Won / Loss record does indeed matter. Wins and losses is what the game is all about. Every other stat just leads to wins or losses. You just have to look at it in conjunction with ERA. A pitcher with a good won/loss record and a low ERA is a good pitcher. A pitcher with a poor won/loss record and a high ERA is not a good pitcher. If a pitcher's won/loss does not match his ERA, you need to look into it further. Dempster not getting a win today is not the norm. If he continues to pitch that well , he will get plenty of wins,. 

     

     



    So how would you rate a pitcher whose record is 13-12 with an ERA of 2.27 over 250 innings pitched? Thats pretty close to a .500 W-L record. Is that pitcher excellent, good, fair, or poor?

     

     




    The ERA shows that this is a top pitcher. Those are Cy Young numbers.  If you checked , you could find the reasons why the won/loss record was not better. It could be a lack of run support, blown saves , poor defense , or a combination of those things.  That is why I say that you have to look at won/loss together with ERA.  But to say that wins and losses are meaningless , is absurd. Of course it is a team stat, but the pitcher is a big part of that. Probably the biggest part. This why we honor 20 game winners , 30 game winners and 300 career wins.  Giving isolated cases of exceptions to the rule is a weak argument. Wins and losses is what the game is all about.  You can disect every statistic available with the new metrics. In the end , it still comes down to wins and losses.

     

     
  18. You have chosen to ignore posts from Joebreidey. Show Joebreidey's posts

    Re: Metrics mania.

    The ERA shows that this is a top pitcher. Those are Cy Young numbers.  If you checked , you could find the reasons why the won/loss record was not better. It could be a lack of run support, blown saves , poor defense , or a combination of those things.  That is why I say that you have to look at won/loss together with ERA.  But to say that wins and losses are meaningless , is absurd. Of course it is a team stat, but the pitcher is a big part of that. Probably the biggest part. This why we honor 20 game winners , 30 game winners and 300 career wins.  Giving isolated cases of exceptions to the rule is a weak argument. Wins and losses is what the game is all about.  You can disect every statistic available with the new metrics. In the end , it still comes down to wins and losses.

    Then by this standard, you are certainly in agreement that Buchholz should've won the Cy Young in 2010 over Felix.

     
  19. You have chosen to ignore posts from dgalehouse. Show dgalehouse's posts

    Re: Metrics mania.

    In response to Joebreidey's comment:

    The ERA shows that this is a top pitcher. Those are Cy Young numbers.  If you checked , you could find the reasons why the won/loss record was not better. It could be a lack of run support, blown saves , poor defense , or a combination of those things.  That is why I say that you have to look at won/loss together with ERA.  But to say that wins and losses are meaningless , is absurd. Of course it is a team stat, but the pitcher is a big part of that. Probably the biggest part. This why we honor 20 game winners , 30 game winners and 300 career wins.  Giving isolated cases of exceptions to the rule is a weak argument. Wins and losses is what the game is all about.  You can disect every statistic available with the new metrics. In the end , it still comes down to wins and losses.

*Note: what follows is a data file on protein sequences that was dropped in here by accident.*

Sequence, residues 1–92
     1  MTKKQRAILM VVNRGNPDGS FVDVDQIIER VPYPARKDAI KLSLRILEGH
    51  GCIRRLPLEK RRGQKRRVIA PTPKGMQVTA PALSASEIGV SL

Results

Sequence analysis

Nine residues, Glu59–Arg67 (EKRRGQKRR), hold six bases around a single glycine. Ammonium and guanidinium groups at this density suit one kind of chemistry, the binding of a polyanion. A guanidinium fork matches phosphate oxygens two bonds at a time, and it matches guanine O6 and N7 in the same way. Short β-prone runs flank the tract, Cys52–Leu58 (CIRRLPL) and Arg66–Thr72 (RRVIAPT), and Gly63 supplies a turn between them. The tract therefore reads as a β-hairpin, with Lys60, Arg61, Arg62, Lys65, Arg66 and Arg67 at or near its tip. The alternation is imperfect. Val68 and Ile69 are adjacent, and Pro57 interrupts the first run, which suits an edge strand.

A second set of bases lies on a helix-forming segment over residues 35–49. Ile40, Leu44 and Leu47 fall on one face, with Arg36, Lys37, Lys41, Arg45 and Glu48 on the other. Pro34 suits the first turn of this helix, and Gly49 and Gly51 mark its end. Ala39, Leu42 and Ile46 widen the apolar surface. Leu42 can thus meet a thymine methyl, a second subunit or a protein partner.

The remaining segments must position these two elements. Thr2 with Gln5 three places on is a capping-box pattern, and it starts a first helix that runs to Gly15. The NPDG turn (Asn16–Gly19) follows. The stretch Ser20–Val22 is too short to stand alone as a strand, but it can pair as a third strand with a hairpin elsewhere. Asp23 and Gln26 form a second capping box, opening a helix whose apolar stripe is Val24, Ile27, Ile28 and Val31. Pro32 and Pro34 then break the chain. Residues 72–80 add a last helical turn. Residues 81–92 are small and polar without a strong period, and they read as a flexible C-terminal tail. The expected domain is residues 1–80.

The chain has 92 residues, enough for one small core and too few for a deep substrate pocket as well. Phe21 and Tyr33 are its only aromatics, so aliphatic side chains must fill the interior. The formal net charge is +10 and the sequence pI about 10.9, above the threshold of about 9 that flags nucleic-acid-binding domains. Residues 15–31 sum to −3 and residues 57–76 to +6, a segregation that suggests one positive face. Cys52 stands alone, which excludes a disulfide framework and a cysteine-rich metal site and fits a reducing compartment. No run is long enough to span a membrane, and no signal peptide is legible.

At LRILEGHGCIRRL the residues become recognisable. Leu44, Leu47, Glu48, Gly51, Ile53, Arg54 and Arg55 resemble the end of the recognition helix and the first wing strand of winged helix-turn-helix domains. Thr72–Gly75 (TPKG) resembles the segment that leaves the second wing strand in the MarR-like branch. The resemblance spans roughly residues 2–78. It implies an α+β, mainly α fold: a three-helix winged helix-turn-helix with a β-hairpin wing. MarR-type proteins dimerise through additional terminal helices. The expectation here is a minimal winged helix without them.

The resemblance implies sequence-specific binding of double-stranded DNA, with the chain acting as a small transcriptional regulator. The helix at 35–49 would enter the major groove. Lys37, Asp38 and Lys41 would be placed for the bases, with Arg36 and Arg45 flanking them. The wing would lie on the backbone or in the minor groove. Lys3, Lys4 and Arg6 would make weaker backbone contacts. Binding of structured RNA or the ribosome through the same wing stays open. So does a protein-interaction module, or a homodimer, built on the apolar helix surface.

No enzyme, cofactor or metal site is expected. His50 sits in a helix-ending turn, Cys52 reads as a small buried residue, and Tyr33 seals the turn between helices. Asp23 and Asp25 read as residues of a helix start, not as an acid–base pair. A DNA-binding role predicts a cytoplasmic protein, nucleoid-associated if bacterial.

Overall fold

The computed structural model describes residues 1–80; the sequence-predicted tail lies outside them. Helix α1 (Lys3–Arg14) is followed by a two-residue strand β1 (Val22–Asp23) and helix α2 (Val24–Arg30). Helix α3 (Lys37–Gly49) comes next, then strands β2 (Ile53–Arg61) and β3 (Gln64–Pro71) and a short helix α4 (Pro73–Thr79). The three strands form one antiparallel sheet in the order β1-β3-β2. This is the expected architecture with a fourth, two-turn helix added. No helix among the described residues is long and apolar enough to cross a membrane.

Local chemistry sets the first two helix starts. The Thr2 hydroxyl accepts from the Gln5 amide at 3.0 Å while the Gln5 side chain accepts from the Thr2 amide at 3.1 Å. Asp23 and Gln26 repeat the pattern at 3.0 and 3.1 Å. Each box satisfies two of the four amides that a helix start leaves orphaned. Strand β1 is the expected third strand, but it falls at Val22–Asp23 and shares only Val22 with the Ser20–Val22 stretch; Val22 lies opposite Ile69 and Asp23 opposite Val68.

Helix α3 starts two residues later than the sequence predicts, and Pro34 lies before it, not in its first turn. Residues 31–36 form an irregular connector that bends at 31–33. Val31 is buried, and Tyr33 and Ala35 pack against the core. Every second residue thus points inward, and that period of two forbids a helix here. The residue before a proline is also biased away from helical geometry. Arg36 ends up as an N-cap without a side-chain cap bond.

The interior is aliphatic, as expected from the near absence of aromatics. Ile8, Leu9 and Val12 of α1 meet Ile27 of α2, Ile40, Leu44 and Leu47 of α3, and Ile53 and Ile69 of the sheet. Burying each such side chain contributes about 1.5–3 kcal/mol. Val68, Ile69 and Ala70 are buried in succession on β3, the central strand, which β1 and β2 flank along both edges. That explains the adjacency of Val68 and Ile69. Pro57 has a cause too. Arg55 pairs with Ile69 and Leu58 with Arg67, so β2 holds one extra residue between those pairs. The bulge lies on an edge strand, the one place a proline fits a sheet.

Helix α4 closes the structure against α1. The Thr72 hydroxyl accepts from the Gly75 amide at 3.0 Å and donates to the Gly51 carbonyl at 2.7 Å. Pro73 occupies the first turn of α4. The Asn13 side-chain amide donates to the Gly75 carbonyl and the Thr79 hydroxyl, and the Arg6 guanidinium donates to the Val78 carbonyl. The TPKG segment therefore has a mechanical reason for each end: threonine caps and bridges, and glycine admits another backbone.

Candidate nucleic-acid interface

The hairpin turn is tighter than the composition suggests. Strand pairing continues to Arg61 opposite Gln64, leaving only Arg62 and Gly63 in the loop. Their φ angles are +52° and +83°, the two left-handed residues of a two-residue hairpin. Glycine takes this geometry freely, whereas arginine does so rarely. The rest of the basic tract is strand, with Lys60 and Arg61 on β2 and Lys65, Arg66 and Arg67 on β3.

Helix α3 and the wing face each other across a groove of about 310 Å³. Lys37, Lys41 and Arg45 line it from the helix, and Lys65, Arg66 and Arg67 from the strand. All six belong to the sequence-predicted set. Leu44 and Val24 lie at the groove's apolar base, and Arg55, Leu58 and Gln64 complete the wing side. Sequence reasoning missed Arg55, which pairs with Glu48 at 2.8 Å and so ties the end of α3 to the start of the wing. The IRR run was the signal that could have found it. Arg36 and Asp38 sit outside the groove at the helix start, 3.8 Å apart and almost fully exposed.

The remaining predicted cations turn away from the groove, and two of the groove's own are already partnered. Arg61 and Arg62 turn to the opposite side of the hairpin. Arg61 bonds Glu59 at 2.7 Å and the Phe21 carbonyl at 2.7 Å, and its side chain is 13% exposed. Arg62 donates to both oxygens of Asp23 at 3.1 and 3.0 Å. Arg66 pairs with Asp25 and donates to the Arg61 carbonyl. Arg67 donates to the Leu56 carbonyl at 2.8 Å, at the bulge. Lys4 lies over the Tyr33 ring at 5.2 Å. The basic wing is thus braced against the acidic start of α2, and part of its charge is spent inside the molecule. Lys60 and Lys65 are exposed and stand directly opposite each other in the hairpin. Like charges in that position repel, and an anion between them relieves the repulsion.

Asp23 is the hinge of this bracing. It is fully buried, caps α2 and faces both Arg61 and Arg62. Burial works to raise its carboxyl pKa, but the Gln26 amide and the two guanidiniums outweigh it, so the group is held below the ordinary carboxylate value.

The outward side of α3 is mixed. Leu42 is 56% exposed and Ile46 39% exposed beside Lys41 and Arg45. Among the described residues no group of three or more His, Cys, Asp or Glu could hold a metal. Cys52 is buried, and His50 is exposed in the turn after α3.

Then by this standard, you are certainly in agreement that Buchholz should've won the Cy Young in 2010 over Felix.




    I think it actually was a tossup. Felix deserved to win it , but it would not have been an outrage if Clay got it.   Clay had a great year.

     
  20. You have chosen to ignore posts from pumpsie-green. Show pumpsie-green's posts

    Re: Metrics mania.

    In response to dgalehouse's comment:

    In response to pumpsie-green's comment:

     

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    In response to mef429's comment:

     

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    Today's Sox game is a perfect illustration of why W-L record is way way down the list of important metrics. Dempster pitched a game of a game surrendering only a solo HR to Longoria over 7 innings, striking out 10 and got no decision. Bailey came in and blew the save giving up the tying run in the ninth and got the win. Not a big fan of W-L record having much relevance to a pitcher's value.

     



    it has NO value to a pitcher. the type of underwear a pitcher wears is more important than his W/L stat.....

     

     



    Won / Loss record does indeed matter. Wins and losses is what the game is all about. Every other stat just leads to wins or losses. You just have to look at it in conjunction with ERA. A pitcher with a good won/loss record and a low ERA is a good pitcher. A pitcher with a poor won/loss record and a high ERA is not a good pitcher. If a pitcher's won/loss does not match his ERA, you need to look into it further. Dempster not getting a win today is not the norm. If he continues to pitch that well , he will get plenty of wins,. 

     

     



    So how would you rate a pitcher whose record is 13-12 with an ERA of 2.27 over 250 innings pitched? Thats pretty close to a .500 W-L record. Is that pitcher excellent, good, fair, or poor?